The Japanese onsen booth is both a gas station and a hot spring vending machine

We pump healing waters to get there.

You can find many unstaffed vegetable stalls in the peaceful countryside of Tokigawa-cho in Tokyo’s neighbor Saitama Prefecture.

However, when our reporter Masanuki Sunakoma was driving through the area the other day, he came across a rather unusual type of unstaffed stall. There were no vegetables at this roadside stall – instead it was onsen water sales.

▼ This sign, which says “onsen boothin large letters, first alerted Masanuki to the unusual location.

Masanuki had never seen an onsen booth before, but now that he knew there was one, there was no way he would pass by it without trying it. So he stopped at a nearby home improvement store to buy a plastic jerrycan for 800 yen (US$6.27) and returned to the stall to refill it.

As he got out of the car with his jerrycan in one hand, Masanuki felt like he was walking towards a gas station. The stand itself even has a big red sign on the front that says “No open flame” in large bold letters.

▼ According to a sign on the door, the maximum purchase limit per customer is 200 liters (52.8 gallons), the volume of a standard household bathtub.

Once he approached, Masanuki realized that the machine looked like a hybrid between a gas pump and a vending machine, because you had to insert coins to use it. Onsen water is sold in 5 liter (1.3 gallon) units, priced at 50 yen each, so he fed 200 yen into the machine in exchange for 20 liters (5.3 gallons) to add to your bath at home.

▼ The machine only takes 50 and 100 yen coins and does not give change.

After inserting his coins, Masanuki followed the instructions on the machine to wait five seconds before pressing the big red button. Then he walked over to the pipe and inserted it into his tank.

The liquid gushes into its receptacle in the same way as gasoline, but without any unpleasant emanations.

His reservoir filled up in the blink of an eye, during which time Masanuki saw a notice board with useful information about the water he was receiving. According to the nice sign, the source of the water is a spring called “Toki no Yu“, which has a temperature of around 18 degrees Celsius (64 degrees Fahrenheit).

The spring is a cold sodium chloride type, with a pH value of 8.9, which is alkaline. Water is said to have a high concentration of salt, who increases core body temperature and provides a high heat retention effect after bathing, with the added benefit of make the skin smooth.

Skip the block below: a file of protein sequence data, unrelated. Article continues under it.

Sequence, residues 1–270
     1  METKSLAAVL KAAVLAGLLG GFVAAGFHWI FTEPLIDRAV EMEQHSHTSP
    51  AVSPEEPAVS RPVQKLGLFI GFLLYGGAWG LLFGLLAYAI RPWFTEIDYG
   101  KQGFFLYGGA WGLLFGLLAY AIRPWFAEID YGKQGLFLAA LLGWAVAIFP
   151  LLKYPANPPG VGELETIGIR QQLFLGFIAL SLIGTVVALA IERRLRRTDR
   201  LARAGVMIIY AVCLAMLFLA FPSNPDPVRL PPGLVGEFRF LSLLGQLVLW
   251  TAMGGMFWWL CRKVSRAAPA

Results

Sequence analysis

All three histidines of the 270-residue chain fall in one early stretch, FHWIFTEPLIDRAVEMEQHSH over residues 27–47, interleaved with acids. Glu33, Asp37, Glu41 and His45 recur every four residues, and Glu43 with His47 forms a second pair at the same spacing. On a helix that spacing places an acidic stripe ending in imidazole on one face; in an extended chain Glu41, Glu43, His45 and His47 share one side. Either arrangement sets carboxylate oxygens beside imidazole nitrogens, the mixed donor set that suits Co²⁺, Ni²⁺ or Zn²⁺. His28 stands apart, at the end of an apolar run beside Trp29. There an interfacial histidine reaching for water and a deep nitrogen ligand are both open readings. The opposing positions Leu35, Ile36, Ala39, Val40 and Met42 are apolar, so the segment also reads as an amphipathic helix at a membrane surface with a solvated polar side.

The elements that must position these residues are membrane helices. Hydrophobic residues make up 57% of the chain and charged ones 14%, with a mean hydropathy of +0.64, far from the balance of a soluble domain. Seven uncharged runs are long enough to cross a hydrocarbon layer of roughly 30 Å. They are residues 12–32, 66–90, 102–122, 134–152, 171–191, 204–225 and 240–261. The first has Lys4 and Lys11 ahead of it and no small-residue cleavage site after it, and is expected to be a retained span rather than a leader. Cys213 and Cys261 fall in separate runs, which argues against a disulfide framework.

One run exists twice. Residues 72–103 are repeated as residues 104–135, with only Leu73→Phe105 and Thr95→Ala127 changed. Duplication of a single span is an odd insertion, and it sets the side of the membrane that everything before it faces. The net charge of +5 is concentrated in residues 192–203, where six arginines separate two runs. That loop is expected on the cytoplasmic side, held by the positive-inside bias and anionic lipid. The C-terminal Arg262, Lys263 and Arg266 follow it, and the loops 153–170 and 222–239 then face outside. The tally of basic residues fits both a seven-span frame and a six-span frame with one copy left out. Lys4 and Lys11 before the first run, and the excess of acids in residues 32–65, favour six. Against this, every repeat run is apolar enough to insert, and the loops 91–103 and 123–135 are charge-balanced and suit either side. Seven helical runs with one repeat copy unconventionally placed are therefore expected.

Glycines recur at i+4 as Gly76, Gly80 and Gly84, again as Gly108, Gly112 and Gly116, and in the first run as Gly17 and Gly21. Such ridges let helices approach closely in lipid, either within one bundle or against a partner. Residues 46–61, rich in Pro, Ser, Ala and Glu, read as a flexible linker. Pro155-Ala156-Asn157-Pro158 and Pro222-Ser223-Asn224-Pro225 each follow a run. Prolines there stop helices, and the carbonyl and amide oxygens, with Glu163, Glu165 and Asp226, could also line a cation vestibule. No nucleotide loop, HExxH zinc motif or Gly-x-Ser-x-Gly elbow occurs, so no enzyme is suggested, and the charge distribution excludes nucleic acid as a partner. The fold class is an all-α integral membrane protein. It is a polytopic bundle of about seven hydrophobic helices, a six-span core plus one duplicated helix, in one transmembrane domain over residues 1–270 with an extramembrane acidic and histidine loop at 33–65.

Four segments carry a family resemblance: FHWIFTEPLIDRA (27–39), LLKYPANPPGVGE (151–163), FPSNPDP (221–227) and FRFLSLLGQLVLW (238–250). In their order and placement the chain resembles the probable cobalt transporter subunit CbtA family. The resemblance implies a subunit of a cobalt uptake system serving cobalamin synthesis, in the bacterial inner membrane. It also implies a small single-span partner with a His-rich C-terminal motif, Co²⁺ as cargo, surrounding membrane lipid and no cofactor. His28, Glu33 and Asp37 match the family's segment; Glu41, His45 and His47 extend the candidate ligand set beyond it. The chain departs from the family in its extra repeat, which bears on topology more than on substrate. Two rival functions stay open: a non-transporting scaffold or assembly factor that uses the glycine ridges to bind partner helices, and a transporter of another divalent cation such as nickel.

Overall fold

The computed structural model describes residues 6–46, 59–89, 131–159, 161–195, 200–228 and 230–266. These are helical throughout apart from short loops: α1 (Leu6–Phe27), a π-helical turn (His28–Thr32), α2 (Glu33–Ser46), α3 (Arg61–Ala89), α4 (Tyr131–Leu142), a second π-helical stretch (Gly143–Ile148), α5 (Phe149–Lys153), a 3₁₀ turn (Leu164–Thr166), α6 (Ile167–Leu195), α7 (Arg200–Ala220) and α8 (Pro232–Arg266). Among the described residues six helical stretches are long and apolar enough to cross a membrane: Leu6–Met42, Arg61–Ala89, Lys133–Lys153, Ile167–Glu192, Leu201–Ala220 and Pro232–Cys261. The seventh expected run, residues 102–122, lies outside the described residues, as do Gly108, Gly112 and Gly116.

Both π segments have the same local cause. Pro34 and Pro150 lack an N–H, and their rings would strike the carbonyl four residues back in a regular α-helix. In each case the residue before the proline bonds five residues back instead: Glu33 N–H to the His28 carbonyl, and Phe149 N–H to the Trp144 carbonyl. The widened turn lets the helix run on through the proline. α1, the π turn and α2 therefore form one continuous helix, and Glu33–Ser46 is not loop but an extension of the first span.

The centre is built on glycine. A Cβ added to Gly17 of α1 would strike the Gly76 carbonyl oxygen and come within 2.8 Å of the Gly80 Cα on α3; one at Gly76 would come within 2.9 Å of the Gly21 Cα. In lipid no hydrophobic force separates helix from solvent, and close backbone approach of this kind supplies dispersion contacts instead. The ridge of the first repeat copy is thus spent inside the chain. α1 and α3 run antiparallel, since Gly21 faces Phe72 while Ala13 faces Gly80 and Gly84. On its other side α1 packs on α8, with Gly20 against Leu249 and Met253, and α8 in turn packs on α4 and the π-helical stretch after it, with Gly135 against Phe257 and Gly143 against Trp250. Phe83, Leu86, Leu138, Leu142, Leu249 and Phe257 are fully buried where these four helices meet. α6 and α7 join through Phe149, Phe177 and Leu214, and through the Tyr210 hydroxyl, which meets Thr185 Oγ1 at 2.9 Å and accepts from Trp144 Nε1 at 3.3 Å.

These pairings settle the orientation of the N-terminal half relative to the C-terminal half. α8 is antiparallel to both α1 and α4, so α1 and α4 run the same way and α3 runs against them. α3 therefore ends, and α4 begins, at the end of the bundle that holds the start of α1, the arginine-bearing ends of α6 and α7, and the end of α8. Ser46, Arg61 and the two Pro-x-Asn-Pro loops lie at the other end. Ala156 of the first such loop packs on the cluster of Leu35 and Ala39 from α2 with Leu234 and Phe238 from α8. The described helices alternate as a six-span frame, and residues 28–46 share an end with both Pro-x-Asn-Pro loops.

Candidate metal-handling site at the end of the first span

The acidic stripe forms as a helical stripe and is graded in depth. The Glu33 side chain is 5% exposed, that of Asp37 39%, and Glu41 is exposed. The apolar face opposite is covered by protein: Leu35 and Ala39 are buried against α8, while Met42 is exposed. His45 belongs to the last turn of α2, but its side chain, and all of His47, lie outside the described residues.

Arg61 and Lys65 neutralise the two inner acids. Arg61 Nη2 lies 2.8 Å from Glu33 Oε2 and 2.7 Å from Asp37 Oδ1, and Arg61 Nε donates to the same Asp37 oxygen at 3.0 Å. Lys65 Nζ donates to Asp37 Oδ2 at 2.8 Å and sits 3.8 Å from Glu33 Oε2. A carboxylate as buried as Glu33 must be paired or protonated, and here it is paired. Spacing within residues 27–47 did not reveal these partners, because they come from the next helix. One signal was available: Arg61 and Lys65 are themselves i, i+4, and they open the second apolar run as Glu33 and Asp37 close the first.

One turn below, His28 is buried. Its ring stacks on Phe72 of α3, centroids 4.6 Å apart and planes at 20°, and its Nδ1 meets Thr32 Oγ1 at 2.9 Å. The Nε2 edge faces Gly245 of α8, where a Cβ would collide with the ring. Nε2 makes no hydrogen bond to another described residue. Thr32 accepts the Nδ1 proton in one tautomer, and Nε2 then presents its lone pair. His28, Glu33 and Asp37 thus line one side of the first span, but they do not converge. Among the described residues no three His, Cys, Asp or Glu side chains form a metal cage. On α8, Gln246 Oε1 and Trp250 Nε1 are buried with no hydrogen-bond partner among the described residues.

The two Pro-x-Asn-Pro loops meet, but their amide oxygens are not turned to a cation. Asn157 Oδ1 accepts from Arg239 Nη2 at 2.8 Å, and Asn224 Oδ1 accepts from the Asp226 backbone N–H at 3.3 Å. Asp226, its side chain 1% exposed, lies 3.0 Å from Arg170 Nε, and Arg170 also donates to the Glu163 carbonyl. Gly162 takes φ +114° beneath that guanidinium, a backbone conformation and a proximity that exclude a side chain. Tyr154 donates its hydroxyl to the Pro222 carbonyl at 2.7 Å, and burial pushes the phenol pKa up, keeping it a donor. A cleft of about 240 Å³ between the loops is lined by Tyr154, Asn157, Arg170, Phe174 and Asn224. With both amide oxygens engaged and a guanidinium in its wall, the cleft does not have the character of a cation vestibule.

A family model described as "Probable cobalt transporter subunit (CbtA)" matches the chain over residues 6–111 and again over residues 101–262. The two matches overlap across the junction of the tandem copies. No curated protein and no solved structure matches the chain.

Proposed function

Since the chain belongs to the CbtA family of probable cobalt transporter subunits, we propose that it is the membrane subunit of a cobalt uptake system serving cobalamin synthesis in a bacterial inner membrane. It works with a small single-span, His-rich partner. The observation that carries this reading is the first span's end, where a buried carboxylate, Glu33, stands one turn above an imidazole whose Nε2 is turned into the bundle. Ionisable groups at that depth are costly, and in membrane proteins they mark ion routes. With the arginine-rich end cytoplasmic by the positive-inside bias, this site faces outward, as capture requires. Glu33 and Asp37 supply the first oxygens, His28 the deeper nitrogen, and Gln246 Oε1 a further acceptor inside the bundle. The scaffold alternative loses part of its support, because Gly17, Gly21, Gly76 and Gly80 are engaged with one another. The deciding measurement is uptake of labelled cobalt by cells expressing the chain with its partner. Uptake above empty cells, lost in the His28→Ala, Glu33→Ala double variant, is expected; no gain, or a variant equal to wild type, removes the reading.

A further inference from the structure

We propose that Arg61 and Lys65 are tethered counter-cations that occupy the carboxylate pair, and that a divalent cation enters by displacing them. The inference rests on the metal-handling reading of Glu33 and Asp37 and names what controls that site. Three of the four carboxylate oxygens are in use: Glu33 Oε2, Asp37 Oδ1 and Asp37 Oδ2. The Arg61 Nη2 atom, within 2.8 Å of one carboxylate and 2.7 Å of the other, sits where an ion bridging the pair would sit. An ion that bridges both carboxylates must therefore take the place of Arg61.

All of this information made Masanuki even more excited to return home and bathe in the healing waters, so he lifted his jerry can and waddled to the car with his purchase.

▼ The water is heavy, so Masanuki recommends parking your car right in front of the stand, which unfortunately he didn’t.

The walk to his car was a bit of a workout, so by the time Masanuki got home, he felt he deserved a nice long bath. He pulled out the pamphlet he had picked up at the booth, which said add 20 liters of hot spring water to a 200 liter bath that is approximately 70% fullto give you the effectiveness of a moderate hot spring.

▼ So that’s what he did.

Using the wonders of his electronic bath panel, Masanuki pressed the “reheat” button to help the colder water from the onsen to combine with the new hot water and bring the overall bath temperature to 40 degrees Celsius.

Once the water was up to temperature, Masanuki entered his own private hot spring.

It was absolute paradise. His bath water now had a smooth texture he had never felt beforeand it delivered on its promise to warm him from deep within, keeping him warm longer after he got out of the bath.

The difference was noticeable, just with 20 liters of onsen water, so Masanuki wondered if he should go back to the stand to fill up with 200 liters next time. Although then he would have to find a way to lug it up the stairs to his apartment.

It was then that Masanuki wished to live closer to the onsen booth, and perhaps in a ground floor apartment, so that he could enjoy onsen life every day of the week. Maybe the next best thing for him would be to visit Tokigawa Shikisaikanthe one-day hot spring facility near the onsen stand, which uses the same spring water.

▼ Tokigawa Shikisaikan was built inside an old folk house.

It is a beautiful place where you can enjoy communal baths inside and soak your feet in a foot bath on the terrace while admiring the garden and listening to the murmur of the river.

▼ The hot spring facility (top on the map below) is a four-minute drive from the onsen stand.

So if you’re looking to enjoy the hot spring life just over an hour’s drive from the heart of Tokyo, Tokigawa has you covered. Well, not literally, unfortunately, but if that’s what you’re looking for, there are onsen resorts that will deliver water to your doorstep…literally!

Tokigawa-cho Onsen Booth / ときがわ町温泉スタンド
Address: Saitama-ken, Hiki-gun, Tokigawa-cho, Otsuki 870-3
Open: 9:00 a.m. to 5:00 p.m.
Holidays: Wednesdays and the New Year holiday period

Photos: ©SoraNews24
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